The reality is, six nations went into negotiations with Iran, a potential nuclear rogue nation, each with its own national interest at heart, and came out with a deal, where anyone of the partners, individually and collectively, has an upper hand to rein in Iranian’s nuclear ambition. The deal creates a pathway for America, just like any one of the negotiating partners, to ensure that Iran does not acquire the Nuclear weapon, now or in the future. For those critics of President Barack Obama for reaching this deal in combination with other five leading nations of the world, here is the honest and blunt truth: Israel is not America; and, America is not Israel. Neither is America’s interest completely symptomatic of Israel’s interest.  No matter how America attempts to protect Israel’s right of existence; it must not be done at the complete expense of America’s national interest; else there comes a time of reckoning, where America finds itself lost under the premise interest of Israel. The realist’s paradigm suggests that America’s military power or might, may be used to protect an ally or discourage any of its enemies, depending on the circumstance; however, it is never to be substituted for America’s national interest. The implication has been relevant since the Cold war and the beginning of interest threat mismatch between Israel and America on Iran. This also is hardly Germaine to the current White House, as Israel has been known to go its way under other US Presidency, including spying on us.

In the twenty month negotiated deal reached with Iran along with US, Britain, Germany, France, Russian and China, the Joint Comprehensive Plan of Action, reassures the International Community that Iran will not progressively continue to work towards a nuclear weapon. While the possibility of continuing with peaceful nuclear research work is part of this deference to Iran, there is the legitimacy that the use of force is still available to any of these six nations to affect their national interest if Iran defies its obligations under the agreement, beginning with the return of all former sanctions and restrictions against Iran. Interestingly, the current spate of 2016 Republican presidential candidates have rushed to condemn the agreement without reading the one-hundred and fifty page missive completely; with Senator Marco Rubio saying to the press, failure of the President to obtain congressional support will tell the Iranians that this is Barack Obama’s deal, not an agreement with lasting support from the United States; with Governor Jeb Bush visualizing the deal as dangerous, deeply flawed and short-sighted; with Governor Scott Walker admonishing that America needs a president that will terminate the Iran deal, calling on congressional leaders and election rivals to repudiate the agreement; with Senator Ted Cruz  urging the public to campaign against the deal during congressional review period; with Governor Huckabee keeping all options on the table, probably including hostilities; with former Hewlett-Packard CEO saying that on her first day in office, she will call Iranian leaders and say, unless you are prepared to open every nuclear facility and every military facility, anytime, anywhere inspection, not 20-day notice, not all this stuff apparently we agreed to, we are going to make it as hard as possible for you to move money around the global financial system; with Senator Lindsey Graham of South Carolina insisting the deal is a possible death sentence for Israel; and, former Texas Governor, Rick Perry boasting he will rescind the deal on his first day in office as US President, and do anything in his power to work with US Senate to oppose the deal, among others. As fanciful and probably eye-popping as these comments are, they unfortunately show a lot of naivety on the part of the 2016 Presidential aspirants. In the first place, like any foreign policy and international negotiator will tell you: rescinding an internationally collectively negotiated agreement will not only damage America’s standing and reputation in the world, it would put a dent in its future relations with other countries, especially the P5+1+EU. The power and influence of a US President have some limitations in the international arena and United Nations, no matter what these presidential aspirants may be spewing out at this moment.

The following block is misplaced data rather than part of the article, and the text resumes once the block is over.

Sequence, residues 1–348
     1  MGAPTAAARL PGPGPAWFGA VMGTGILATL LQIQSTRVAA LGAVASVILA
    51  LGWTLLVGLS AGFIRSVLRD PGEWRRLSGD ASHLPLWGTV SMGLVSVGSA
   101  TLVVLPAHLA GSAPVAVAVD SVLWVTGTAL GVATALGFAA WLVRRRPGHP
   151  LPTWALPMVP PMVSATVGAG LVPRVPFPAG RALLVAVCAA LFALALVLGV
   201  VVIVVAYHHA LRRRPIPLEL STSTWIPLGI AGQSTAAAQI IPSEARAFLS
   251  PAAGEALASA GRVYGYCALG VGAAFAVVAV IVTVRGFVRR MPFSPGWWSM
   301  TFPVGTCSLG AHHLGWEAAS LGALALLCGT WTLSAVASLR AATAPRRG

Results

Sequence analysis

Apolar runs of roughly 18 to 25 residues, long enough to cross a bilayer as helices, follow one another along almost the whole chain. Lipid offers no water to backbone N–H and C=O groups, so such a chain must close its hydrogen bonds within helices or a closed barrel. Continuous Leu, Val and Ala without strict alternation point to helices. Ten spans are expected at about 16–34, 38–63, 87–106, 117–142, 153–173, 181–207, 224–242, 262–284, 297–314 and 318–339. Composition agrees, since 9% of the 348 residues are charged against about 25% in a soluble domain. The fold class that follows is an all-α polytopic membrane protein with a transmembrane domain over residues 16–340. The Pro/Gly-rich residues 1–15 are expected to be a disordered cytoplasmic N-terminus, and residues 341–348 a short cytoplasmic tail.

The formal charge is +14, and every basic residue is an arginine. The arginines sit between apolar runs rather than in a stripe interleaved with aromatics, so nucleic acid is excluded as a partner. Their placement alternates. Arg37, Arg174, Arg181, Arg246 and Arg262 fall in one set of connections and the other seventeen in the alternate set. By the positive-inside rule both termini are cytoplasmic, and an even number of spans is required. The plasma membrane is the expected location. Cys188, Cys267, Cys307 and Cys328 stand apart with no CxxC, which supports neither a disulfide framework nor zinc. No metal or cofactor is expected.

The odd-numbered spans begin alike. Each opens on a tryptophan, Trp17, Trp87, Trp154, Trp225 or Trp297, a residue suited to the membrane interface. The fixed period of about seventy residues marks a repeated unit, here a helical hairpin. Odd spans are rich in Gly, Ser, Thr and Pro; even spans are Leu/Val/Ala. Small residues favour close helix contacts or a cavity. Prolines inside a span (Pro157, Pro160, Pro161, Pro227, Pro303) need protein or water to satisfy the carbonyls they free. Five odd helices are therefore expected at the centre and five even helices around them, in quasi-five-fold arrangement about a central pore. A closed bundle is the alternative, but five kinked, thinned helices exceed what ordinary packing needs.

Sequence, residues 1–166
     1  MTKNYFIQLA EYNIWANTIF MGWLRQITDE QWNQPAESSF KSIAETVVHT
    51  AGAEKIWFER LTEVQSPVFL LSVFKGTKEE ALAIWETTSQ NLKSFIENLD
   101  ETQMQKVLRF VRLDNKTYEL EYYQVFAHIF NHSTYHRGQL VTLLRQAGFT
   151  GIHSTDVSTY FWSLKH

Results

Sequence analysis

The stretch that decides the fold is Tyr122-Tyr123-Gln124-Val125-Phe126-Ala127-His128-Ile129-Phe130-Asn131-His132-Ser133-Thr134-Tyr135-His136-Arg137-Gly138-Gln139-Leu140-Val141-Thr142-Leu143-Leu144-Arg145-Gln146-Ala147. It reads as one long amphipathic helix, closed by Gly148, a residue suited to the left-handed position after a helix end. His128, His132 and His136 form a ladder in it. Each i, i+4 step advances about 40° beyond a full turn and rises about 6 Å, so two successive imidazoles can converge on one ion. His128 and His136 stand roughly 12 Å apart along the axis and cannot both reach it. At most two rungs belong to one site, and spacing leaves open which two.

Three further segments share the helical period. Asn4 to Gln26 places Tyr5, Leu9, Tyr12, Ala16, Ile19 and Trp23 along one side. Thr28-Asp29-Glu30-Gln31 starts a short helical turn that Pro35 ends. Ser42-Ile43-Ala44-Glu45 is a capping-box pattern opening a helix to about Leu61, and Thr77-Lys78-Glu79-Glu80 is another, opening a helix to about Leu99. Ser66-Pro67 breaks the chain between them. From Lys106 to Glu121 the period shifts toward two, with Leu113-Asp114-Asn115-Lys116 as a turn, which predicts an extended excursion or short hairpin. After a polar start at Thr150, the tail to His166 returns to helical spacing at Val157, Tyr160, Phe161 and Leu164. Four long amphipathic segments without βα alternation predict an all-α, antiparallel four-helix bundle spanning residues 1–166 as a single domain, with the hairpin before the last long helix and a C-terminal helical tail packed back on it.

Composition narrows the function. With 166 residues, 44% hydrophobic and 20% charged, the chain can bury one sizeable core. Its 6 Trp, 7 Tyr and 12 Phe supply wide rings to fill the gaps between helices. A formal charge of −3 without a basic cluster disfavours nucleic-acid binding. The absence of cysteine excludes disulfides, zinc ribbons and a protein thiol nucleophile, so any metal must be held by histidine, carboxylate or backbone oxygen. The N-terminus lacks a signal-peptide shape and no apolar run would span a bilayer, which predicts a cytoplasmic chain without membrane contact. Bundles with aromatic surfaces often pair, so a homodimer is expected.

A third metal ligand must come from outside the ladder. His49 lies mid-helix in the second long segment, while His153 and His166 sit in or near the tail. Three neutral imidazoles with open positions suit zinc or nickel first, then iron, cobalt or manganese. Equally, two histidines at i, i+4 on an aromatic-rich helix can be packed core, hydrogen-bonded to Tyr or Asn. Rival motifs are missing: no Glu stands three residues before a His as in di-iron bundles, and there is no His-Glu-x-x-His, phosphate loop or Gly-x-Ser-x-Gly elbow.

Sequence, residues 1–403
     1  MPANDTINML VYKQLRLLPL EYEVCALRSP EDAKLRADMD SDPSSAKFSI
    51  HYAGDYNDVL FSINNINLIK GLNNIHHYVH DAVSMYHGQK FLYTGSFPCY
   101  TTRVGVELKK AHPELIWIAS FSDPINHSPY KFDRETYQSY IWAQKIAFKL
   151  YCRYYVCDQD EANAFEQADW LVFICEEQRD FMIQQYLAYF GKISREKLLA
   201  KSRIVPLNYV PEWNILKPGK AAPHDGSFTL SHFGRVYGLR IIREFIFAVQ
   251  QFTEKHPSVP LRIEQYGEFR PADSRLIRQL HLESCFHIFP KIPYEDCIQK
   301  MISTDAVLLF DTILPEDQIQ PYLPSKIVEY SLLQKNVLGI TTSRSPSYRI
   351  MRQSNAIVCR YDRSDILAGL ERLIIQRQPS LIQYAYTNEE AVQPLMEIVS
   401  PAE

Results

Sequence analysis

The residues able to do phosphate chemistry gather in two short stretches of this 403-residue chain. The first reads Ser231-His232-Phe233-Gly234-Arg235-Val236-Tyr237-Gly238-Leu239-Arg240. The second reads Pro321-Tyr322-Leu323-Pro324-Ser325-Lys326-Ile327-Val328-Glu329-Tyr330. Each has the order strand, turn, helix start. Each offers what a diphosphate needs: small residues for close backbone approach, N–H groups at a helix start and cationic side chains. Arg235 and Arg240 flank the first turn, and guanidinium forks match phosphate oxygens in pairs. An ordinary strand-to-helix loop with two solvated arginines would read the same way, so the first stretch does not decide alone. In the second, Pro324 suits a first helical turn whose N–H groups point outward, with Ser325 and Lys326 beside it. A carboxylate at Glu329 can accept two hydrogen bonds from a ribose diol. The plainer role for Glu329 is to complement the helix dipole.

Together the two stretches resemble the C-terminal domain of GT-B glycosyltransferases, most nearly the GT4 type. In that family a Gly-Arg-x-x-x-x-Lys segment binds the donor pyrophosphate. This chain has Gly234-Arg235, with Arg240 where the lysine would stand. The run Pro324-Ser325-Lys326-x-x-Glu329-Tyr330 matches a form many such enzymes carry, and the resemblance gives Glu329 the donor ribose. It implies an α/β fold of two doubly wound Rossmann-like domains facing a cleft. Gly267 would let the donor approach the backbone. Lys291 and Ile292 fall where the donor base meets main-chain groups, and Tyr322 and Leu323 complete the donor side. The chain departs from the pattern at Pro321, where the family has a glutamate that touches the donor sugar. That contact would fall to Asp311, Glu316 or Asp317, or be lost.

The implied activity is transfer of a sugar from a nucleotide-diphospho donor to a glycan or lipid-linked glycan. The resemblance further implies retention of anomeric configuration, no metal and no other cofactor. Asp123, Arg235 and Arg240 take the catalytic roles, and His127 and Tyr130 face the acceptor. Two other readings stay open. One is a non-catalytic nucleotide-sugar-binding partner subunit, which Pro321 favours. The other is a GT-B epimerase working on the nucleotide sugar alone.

As President Barack Obama reiterated, if the nation does not choose wisely on this deal, future generations would not look very kindly on our position of apprehension. In line with his campaign promise to use the bargaining table rather than the battle field to achieve the objective of solid foreign policy initiatives and or agreements, the President articulates that this deal accomplishes the ultimate national interest: Preventing Iran from acquiring nuclear weapons; knowing fully well that this is an unacceptable situation under any scenario. There is another reality that critics must consider, this deal is not a binary agreement; rather, it is a joint agreement, involving some super powers and leading European nations, who are hardly beholding to our national interest. Though some congressional lawmakers may be apprehensive of the deal and probably want the whole agreement scrapped, other countries involved in the negotiations, including two Western permanent members of the Security Council (Britain and France) and two Eastern permanent members (Russia and China) want it; and, are eager to see some of the sanctions come off as they are hardly directly benefiting from them in totality. The deal is here, we all need to make enforcement of its provisions a priority and work within the realm of an agreement to ensure the ultimate goal is accomplished. In case anyone misses the not so obvious situation before the deal, many Americans have very little tolerance for another foreign war and the unrepentant Prime Minister of Israel is not going to gamble going to war with Tehran on its own terms, because of the obvious implication and possible repercussions.  A multilateral deal of this nature guarantees that many countries may effect their will and national interest if Iran becomes an egregious offender, by violating the provisions of the deal.